Monday, 10 May 2010
One day, Paul Chambers sent a "tweet" to his followers on Twitter; it was a joke which came out of frustration:
"Crap! Robin Hood Airport is closed. You've got a week... otherwise I'm blowing the airport sky high!"
It was perhaps not the funniest joke.
Indeed, it was in bad taste and really not at all funny.
But it was sent only to his followers who knew of his sense of humour.
No alarm or distress was caused.
However, someone then forwarded it to East Midlands Airport, who were also not alarmed or distressed, and then they in turn passed it on to the South Yorkshire Police who began an investigation for a "bomb hoax".
What would they do?
Perhaps a sensible word?
An application of common sense?
Paul was arrested and questioned on suspicion for the "bomb hoax" offence under the Criminal Law Act 1977.
The case was passed to the Crown Prosecution Service.
The role of the CPS is to see if there is sufficient evidence for a realistic prosecution and to then determine whether such a prosecution was in the public interest.
And what happened next was, in my view, an outrage.
(I have detailed and evidenced the following here and here.)
The CPS realised that they did not have sufficient evidence for the bomb hoax offence under the 1977 Act, that is the actual legislation dealing with supposed bomb hoaxes.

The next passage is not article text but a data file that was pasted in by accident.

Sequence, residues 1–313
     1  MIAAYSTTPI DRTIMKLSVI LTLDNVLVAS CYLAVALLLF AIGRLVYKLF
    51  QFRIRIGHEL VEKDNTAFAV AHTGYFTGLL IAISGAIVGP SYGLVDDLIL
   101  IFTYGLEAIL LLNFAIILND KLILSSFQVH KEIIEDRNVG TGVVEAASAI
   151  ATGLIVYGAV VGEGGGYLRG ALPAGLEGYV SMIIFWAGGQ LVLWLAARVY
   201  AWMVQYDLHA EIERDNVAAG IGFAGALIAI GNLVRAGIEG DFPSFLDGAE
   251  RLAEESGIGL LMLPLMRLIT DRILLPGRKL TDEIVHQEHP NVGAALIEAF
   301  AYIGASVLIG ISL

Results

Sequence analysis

But the CPS were going to prosecute him anyway, as it was in the public interest to do so.
The problem would be that there would need to be an offence.
Thankfully, the CPS cannot (or at least should not) just prosecute someone in the "public interest" without an offence.
So some bright spark came up with section 127 of the Communications Act 2003.
This makes it an offence for a person to send a "menacing" message over a public telecommunications network.
It is a rarely used offence - there is no case law - and it was certainly not understood when Paul first came to trial.
So, bizarrely and illiberally, he was charged and prosecuted
It seems that all those involved understood the section 127 offence to be a strict liability offence.
That is, the offence would be committed on sending the message, regardless of intention (or indeed context).
Accordingly, Paul was advised to plead Guilty, which he did.
This is when I got involved.
The blogposts which I have already linked to seemed to result in a change of solicitor and a change of plea to Not Guilty.
Such a "vacation" of a plea can only be done with the permission of the court.
And I have posted here the excellently-reasoned decision of the court to allow Paul to change his plea.
This meant Paul could plead Not Guilty and force the CPS to prove their case against him.
The trial is today.
Lets see what happens next.
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